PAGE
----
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Winging it to Chicago to fetch a friend

Besides $85 for the airlines, transporting Bernie required a health certificate and a travel case that fit beneath the seat. Besides $85 for the airlines, transporting Bernie required a health certificate and a travel case that fit beneath the seat. (Hilary Nangle for the boston globe)
Email|Print| Text size + By Hilary Nangle
Globe Correspondent / January 27, 2008

WALDOBORO, Maine - Some folks mark midlife by buying a sports car, others take a lover or embark on worldly travels. I got a pup. In Chicago.

Kari Bunde, Bernie's breeder, lives in Indiana. Since she doesn't ship puppies, I had to pick Bernie up in person. Taking several days out of my schedule to drive from Maine wasn't possible. Flying was the only option, and Bunde agreed to meet me at Chicago's O'Hare International Airport with 8-week-old Bernie.

Pet travel is a boom industry. According to BringYourPet.com, a source for pet-friendly lodging, 77 percent of pet owners polled in 2007 travel with their pets. While a car is the most popular method of travel, according to the US Department of Transportation, more than 2 million pets and other live animals are transported by air each year, despite the cost, restrictions, and hassles of flying with a pet. Not all airlines accept pets, and those that do have differing policies. Most limit the number allowed in the passenger section and have weight and size restrictions.

My coach ticket out of Manchester-Boston Regional Airport was free, thanks to frequent flier miles, but Bernie's wasn't. Most airlines charge for accompanying pets. I flew United, which quoted $80 when I booked. Between booking and actual ticketing that fee rose to $85. United doesn't take payment until you check in with the pet and the accompanying necessities. These include a current health certificate from a veterinarian and a travel case that fits beneath the seat.

Since Bernie, a Leonberger, is destined to be a very big dog (his dad weighed 170 pounds), and he was expected to be between 15 and 20 pounds when I flew, I opted for the largest case available. I was fortunate in that Bunde had one she was willing to lend me for the flight. Even better, she acclimated him to the carrier during the week before travel and lined it with faux lambskin to make it cozier.

On a Monday morning in mid-July, I flew to Chicago with only about a three-hour window between arrival and departure. In a carry-on, I had packed kibble, a small bowl, a rope bone, a few treats, a collar and leash, clean-up supplies, and personal items, in case anything went wrong and I had to spend the night.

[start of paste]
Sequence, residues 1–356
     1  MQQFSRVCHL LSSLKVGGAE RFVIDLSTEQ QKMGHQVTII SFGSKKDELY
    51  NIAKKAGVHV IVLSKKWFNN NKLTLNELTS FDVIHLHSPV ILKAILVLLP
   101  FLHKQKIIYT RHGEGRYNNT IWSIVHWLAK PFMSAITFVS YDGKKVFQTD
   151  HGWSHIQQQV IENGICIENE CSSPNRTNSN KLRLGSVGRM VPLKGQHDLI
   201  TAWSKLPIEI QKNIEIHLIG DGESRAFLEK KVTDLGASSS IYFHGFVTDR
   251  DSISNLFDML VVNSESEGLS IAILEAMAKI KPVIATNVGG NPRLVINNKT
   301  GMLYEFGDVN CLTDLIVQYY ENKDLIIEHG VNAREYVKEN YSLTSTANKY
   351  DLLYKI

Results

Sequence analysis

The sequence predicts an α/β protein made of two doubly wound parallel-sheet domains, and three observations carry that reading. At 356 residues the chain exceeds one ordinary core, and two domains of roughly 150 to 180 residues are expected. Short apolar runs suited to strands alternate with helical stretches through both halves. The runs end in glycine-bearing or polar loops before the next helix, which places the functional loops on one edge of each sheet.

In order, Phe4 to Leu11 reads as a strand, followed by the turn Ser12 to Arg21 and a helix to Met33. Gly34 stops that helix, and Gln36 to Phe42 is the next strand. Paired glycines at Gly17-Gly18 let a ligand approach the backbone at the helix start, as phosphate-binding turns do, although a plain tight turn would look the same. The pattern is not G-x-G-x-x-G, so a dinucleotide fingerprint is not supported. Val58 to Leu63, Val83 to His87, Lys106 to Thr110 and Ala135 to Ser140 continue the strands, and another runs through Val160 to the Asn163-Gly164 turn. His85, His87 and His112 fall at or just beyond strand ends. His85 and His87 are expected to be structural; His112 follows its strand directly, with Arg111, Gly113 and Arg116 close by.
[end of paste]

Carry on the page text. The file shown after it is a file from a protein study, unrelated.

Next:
Luck was with me; we arrived early. Just outside the secure zone, Bernie and Bunde were waiting by the ticketing counter, as we had arranged. Top priority was checking Bernie in for the return flight and getting him ticketed. He charmed the agent, who barely glanced at the health certificate, and he weighed in at 15 pounds. The agent charged my credit card $85 and affixed a ticket to the carrier that would allow Bernie to be transported through security.

Instead of heading to the gate, Bunde and I took Bernie outside to a grassy spot near the terminal to rest, relax, and cool off. We gave him water, but she had fed him earlier that day and advised me not to feed him again until we landed.

The biggest worry was keeping Bernie cool. Although ventilated, the carrying case was still warm. Bunde suggested keeping the top unzipped as long as possible and taking him out, if permitted, especially while waiting to board. We walked him and made sure he was on "empty" before packing him in and heading for security.

When Bunde departed, I was on my own. I could have used another set of arms to manage the carrying case and my other carry-on while navigating security. Bernie went though the detector gate in my arms, while his case went on the belt. Our gate was one of the closest to security, which saved me schlepping my awkward loads through the terminal.

Bernie held court at the gate. One visitor, an off-duty flight attendant, advised me to ask upon boarding for a cup of ice for him, which I did. That kept Bernie cool, as I rubbed it on his head and belly during the flight. He didn't make a peep.

I did take him out of the case at one point and put him on my lap, but was told by an attendant to put him back. I later learned that one of his littermates had flown home first class, and been allowed out of the carrier. Class has its privileges.

Hilary Nangle, a freelance writer in Waldoboro, Maine, can be reached at hilary@hilarynangle.com.

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